Three months of struggle in Chile

For months, hundreds of thousands of Chileans have been standing firm in their demand for a new inclusive constitution through a National Constituent Assembly, enduring brutal state repression

January 22, 2020 by Tanya Wadhwa
During a demonstration outside the government palace on January 18, thousands of protesters raised their left fists and covered their one eye with the other hand, demanding justice for the 405 people, who have suffered eye injuries and vision loss due to short-range firing by the national security forces. Photo: RT news

This January 18, the struggle of the Chilean people against the regime of president Sebastián Piñera completed three months. The motives for the uprising are diverse, but overall people in Chile are tired of living under the neoliberal economic model which has made basic necessities such as education, health, and public services expensive and out of reach for the working class.

For the last three months, hundreds of thousands of students, workers and members of social movements, human rights organizations and trade unions, have been mobilizing across the country demanding President Piñera’s resignation and a new inclusive constitution through a National Constituent Assembly.

On the three months anniversary of the popular uprising in Chile, several demonstrations, rallies and marches were held throughout the country.

In the capital, Santiago, a “silent march against repression” was carried out to pay tribute to the victims of police repression in the last three months and to denounce violations of human rights in the country. Thousands of people, mostly dressed in black, gathered at the emblematic Dignity Plaza, formerly known as the Plaza Italia, and marched to the La Moneda palace, state government office, demanding an end to all forms of military and police repression.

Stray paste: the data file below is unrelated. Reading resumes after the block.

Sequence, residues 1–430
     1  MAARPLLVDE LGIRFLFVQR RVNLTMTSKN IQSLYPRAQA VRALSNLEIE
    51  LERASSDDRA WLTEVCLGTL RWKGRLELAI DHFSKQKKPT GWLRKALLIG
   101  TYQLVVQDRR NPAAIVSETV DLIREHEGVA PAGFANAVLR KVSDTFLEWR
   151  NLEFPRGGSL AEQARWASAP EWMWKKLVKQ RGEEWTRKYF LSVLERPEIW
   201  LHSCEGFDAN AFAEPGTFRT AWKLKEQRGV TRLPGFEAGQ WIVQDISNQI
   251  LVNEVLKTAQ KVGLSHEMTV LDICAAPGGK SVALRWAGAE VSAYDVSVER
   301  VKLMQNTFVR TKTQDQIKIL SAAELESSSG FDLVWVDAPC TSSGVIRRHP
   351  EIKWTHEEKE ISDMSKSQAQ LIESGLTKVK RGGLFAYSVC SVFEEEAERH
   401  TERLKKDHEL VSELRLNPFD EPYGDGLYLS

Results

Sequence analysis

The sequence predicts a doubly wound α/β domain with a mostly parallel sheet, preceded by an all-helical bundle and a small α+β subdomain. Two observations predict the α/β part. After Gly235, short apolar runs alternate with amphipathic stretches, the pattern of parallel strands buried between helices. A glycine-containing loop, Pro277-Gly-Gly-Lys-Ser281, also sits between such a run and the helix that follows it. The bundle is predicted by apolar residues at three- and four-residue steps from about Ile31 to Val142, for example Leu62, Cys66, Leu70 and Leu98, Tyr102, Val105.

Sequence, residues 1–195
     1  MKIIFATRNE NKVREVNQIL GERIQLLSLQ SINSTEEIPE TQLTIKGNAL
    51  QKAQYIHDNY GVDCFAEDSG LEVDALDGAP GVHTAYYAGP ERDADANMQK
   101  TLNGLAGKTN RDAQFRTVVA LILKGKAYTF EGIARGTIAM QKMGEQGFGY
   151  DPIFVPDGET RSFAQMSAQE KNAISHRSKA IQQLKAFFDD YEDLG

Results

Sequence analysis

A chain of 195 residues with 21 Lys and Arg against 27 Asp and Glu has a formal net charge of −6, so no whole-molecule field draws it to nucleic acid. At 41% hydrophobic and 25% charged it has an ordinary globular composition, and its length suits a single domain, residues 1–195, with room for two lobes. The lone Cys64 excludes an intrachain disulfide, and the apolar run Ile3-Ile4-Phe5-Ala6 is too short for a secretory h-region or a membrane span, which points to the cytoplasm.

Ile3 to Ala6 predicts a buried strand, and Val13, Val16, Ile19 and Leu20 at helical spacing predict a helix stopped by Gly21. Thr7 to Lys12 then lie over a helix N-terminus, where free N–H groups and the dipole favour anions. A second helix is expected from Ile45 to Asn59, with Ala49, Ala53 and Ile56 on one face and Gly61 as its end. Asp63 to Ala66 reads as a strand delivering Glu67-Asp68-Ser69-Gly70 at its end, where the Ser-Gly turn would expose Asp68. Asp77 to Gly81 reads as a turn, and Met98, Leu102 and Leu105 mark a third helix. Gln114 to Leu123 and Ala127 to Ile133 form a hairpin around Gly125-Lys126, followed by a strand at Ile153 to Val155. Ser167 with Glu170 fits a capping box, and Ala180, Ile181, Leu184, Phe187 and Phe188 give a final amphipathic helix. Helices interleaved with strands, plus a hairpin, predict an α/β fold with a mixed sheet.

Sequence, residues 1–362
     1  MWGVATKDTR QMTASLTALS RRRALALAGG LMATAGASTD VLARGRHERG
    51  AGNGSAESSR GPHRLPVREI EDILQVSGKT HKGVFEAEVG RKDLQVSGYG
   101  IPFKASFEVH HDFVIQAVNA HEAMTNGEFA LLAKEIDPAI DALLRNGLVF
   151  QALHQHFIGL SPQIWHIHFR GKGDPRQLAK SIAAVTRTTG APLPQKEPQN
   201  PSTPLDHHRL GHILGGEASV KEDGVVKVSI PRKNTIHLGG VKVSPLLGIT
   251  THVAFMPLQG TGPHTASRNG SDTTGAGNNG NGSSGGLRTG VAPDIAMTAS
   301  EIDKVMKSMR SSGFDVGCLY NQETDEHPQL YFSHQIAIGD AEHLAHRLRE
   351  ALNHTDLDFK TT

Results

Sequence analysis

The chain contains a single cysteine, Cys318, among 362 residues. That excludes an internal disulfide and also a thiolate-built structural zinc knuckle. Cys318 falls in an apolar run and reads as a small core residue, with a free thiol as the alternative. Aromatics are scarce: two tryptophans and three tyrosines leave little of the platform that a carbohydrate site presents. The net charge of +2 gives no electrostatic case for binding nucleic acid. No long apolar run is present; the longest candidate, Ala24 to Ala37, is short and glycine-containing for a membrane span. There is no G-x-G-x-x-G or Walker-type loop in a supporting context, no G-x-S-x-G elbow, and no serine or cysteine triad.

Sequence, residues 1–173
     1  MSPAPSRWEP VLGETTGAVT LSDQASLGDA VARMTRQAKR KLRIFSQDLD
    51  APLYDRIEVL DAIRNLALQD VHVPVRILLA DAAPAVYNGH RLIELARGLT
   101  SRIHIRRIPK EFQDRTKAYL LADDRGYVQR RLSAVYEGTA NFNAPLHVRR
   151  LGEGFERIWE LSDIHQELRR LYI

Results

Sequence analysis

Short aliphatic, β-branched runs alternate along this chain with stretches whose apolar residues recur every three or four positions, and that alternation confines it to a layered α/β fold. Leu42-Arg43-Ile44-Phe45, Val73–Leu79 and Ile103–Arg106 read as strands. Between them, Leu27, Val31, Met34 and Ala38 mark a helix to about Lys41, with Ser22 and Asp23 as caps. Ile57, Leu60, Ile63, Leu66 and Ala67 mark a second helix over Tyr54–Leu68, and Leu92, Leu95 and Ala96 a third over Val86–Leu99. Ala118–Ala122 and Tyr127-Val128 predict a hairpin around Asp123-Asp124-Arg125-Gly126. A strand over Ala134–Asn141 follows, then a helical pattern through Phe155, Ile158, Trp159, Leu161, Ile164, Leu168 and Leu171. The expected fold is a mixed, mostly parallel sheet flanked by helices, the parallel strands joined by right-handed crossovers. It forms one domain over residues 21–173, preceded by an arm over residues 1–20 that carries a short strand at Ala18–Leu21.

In an act of solidarity with the 405 people, who have suffered eye injuries and vision loss due to short-range firing by the national security forces, the protesters raised their left fists, demanding justice, and covered their one eye with the other hand during the demonstration outside the La Moneda palace.

The mobilization was called for by a number of organizations, such as the Workers’ United Center of Chile (CUT), the Colegio de Profesores de Chile, the National Coordinators of High School Students, the Coordinator of Victims of Eye Trauma, the groups of Relatives of Disappeared Detainees and Relatives of Political Prisoners, among others. The main objective of the march was to draw the attention of the Chilean society towards the repressive strategy used by Piñera’s administration and exercised by the national police force, the Carabineros.

‘The revolution continues in 2020’. Photo: Frente Fotográfico

State repression

In the last three months of anti-government protests, the Chilean State has unleashed an unprecedented level of repression against protesters, violating all established international standards on the use of force against civilians. Thousands of cases of illegal detentions, torture, sexual abuse, rapes, political persecution, criminalization of social protests, militarization of public spaces, restrictions on press freedom, among other human rights violations, have been registered in the country and have been condemned nationally and internationally.

According to the National Institute of Human Rights (INDH) in Chile, between October 17 & January 15, due to heavy police repression, over 27 people have been killed, 10,253 people have been arrested, 3,649 have been severely injured, 412 have been tortured and threatened, 191 have been sexually harassed and 842 have been dealt with excessive force.

Reports citing numbers released by the Attorney General’s office claim that over 22,000 people have been detained in the past three months, with just over 1,000 being legally processed.

Popular disapproval of Piñera’s government